Son of Nazi Agent Traces Fascism To Double Spirit of German People

Viereck Feels German Type Can Share American Ideals

"Carl Schurz is proof that a man of German descent can be a damned good American, even by American standards," Peter Viereck '37, son of a Nazi agent, contended in an interview yesterday. Viereck was completely sincere in this statement for his latest book "Metapolitics" disproves any ideological connection he might have with his very Nazi father, George Sylvester Viereck, chief German Propaganda Agent in this country, now on trial in Washington.

"Metapolitics" contains a summary of all of Viereck's views on Nazlism. It also is a seeming paradox, since it contains those sentiments of diehard opposition to totalitarian principles one would least expect from a man of his parentage. But Viereck has led a very individual life.

Made Phi Beta Kappa

Born in New York, he is the only, person in Harvard history to have won both the Garrison prize in Poetry and the Bowdoin prize in prose composition. He made Phi Beta Kappa and was graduated Summa Cum Lauda. In the next year he received a Henry fellowship, a scholarship to Oxford some-what akin to the Rhodes scholarships.

In Europe, Viereck began to accumulate the material which resulted in "Metapolitics." This volume differs from most works of its type in that its direct inspiration is taken from a cheap pulp magazine instead of weighty reference tomes. This inspiration led to Viereck's conception of the dual soul of the Nazi personality, the civilized German element combating the Nazi Kultur virus.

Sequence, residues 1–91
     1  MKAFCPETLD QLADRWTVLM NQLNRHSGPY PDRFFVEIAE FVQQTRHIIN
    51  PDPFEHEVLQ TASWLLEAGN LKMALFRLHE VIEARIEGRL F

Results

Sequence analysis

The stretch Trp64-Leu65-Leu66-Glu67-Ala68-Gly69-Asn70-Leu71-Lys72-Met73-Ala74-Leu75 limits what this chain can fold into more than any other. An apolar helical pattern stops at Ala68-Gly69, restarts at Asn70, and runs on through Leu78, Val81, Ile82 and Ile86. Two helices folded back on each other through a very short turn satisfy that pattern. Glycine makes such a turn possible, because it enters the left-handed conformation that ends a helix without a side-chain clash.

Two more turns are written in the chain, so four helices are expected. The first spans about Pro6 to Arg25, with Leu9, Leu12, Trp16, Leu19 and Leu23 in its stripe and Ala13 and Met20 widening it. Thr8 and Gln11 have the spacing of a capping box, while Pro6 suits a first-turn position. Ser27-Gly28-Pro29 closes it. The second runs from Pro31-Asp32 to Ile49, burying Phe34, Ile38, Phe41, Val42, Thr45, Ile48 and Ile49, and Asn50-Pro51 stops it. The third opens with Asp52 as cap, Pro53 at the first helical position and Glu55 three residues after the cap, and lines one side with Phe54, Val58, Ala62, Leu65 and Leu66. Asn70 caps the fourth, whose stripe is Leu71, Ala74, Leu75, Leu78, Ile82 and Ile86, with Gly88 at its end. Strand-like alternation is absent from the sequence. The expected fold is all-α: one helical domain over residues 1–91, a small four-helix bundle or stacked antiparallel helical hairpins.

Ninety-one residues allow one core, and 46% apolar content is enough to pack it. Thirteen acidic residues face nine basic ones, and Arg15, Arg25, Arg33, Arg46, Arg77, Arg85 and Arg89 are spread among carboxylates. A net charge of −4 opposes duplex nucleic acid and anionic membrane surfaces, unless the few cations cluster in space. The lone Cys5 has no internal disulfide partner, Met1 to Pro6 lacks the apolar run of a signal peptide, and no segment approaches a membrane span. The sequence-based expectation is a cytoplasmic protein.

Returning to America in 1938, Viereck made public his thesis concerning Nazlism and the historical character whom he considers to be its spiritual ancestor, Richard Wagner. Thomas Mann was attracted by this new philosophical discovery, and through his efforts, Viereck was commissioned by knopf Publishers to enlarge his findings into "Metapolitics."

Before the war, Viereck was active against U. S. isolation, publishing interventionist articles in the Atlantic Monthly, Common Sense, and other periodicals. Today his ideas are spread throughout Nazi Europe by the powerful New York, NBC short wave radio. "Metapolitics has become Verboten in Hitler-dominated countries.

Hitler Destroying Germany

"Hitler is exterminating the German identity as well as attempting to kill off believers in opposing ways of life," Viereck maintained. He added that Hitler makes those opposing his ambitions his cannon targets, while those who follow him become his cannon fodder.

In line with his views on totalitarian issues, Viereck holds a certain reverence for the great figures in American history, past and present. Carl Schurz, a German immigrant who rose to become Secretary of State under President Hayes, is his particular idol. Viereck's book is dedicated to Schurz, as proof that the same German type that is misled in Europe can become an integral part of the American national pattern if the emotional environs of the old country are removed.